become a yoga teacherBy Amruta Kulkarni, CYT 500

If you have been practicing Yoga for many years, you might have a casual personality and a fairly balanced approach toward life. Maybe you don’t anger as easily as some of your friends. Yoga has a gentle way of bringing us toward the middle of the road.

Studies show that Yoga promotes happier, healthier living, but can yoga change behavior? Based on research, the answer seems to be yes. From children with ADHD to adults with aggressive behavior, Yoga is showing promise as an alternative therapy. While more research is needed, it appears the age-old teachings of Vedic philosophy are as relevant to the 21st century Western world as they were to India thousands of years ago.

Scientists are now saying the same thing as Yogis; they are just using different words. Medical experts say “neurons that fire together, wire together.” Indian sages teach that the way we think and act creates grooves, or “samskaras” in our brains that lead to specific reactions when triggered. The more we repeat the same thought patterns, negative or positive, the stronger the circuit becomes. Fortunately, Yoga provides the techniques needed to rewire these neural pathways.

We know that Yoga promotes self-control, improves mood and leads to a state of general well being. It also reduces negative thoughts and emotions. In “Yoga Calm for Children: Educating the Heart, Mind, and Body,” by Lynea and Jim Gillen, the authors discuss the effectiveness of Yoga in helping children with behavioral disorders and traumatic pasts to manage their anger and sadness. Readily admitting that their venture started out as a nightmare, the Gillens observed the children as they evolved into caring, self-disciplined individuals who could help each other as well as themselves.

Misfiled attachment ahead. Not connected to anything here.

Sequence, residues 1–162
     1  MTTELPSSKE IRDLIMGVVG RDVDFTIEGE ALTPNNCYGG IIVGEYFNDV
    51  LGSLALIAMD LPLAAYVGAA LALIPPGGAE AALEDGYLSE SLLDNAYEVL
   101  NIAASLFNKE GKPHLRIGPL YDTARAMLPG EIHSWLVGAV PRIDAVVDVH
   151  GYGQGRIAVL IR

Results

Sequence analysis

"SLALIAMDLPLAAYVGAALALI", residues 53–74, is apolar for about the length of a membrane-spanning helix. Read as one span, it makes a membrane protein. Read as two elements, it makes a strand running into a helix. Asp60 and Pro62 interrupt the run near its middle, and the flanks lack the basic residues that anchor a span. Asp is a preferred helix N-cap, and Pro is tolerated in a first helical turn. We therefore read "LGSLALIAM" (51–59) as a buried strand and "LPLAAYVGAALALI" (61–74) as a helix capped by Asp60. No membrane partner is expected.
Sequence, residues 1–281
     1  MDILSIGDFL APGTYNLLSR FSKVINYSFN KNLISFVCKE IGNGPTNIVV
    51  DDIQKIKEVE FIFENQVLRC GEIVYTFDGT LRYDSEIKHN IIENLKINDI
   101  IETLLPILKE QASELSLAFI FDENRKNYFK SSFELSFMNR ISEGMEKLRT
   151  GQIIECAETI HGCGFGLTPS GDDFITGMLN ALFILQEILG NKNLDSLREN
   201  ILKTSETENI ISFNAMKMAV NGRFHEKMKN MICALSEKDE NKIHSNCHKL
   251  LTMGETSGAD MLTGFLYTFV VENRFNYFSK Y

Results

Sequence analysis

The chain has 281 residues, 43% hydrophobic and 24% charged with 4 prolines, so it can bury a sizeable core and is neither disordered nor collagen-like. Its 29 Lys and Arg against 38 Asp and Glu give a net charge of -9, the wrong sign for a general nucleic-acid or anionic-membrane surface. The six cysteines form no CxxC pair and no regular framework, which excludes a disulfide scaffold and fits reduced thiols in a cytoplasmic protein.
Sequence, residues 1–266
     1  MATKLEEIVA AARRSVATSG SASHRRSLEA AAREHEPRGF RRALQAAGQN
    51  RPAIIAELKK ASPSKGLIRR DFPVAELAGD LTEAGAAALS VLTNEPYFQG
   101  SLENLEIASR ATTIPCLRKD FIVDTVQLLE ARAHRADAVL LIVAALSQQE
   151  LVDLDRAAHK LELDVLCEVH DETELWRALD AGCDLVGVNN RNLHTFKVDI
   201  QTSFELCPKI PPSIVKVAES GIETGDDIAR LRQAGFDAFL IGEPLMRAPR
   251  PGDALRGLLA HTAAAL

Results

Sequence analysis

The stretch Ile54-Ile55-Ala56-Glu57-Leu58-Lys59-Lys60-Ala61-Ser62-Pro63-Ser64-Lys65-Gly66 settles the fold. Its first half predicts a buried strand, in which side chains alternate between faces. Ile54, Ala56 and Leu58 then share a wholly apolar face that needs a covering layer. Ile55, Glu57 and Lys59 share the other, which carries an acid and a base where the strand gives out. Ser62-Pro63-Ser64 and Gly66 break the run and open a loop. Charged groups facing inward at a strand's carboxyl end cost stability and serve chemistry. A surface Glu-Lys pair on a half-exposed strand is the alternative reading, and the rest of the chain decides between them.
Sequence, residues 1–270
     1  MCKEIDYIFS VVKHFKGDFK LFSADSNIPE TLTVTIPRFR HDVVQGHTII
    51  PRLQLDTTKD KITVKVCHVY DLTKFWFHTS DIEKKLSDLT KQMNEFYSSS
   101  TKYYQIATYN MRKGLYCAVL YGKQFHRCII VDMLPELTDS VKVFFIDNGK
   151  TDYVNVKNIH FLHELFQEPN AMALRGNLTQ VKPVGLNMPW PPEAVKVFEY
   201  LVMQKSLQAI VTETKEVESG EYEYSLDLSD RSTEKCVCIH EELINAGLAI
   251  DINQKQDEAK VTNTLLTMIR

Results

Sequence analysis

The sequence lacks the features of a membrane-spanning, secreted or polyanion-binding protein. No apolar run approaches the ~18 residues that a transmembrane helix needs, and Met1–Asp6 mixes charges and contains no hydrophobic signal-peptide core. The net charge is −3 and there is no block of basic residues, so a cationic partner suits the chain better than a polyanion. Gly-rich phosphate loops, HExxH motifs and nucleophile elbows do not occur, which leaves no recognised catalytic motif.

Children who experience violence and chaos first-hand are not the only ones who can benefit from Yoga. With the educational system in financial trouble, the first cutbacks are to programs like physical education, art, and music. An emphasis on standardized, one-size-fits-all testing worsens the crisis, leaving students with learning disabilities or test anxiety to fend for themselves.

Studies in the Department of Psychology at Tufts University suggest that Yoga can also be helpful in preventing and controlling aggressive behavior in criminal offenders, and some schools have already adopted programs that incorporate Yoga into to their curriculums. Regardless of age or personal history, as more people become aware of Yoga’s positive effects on behavior, its popularity is bound to increase.

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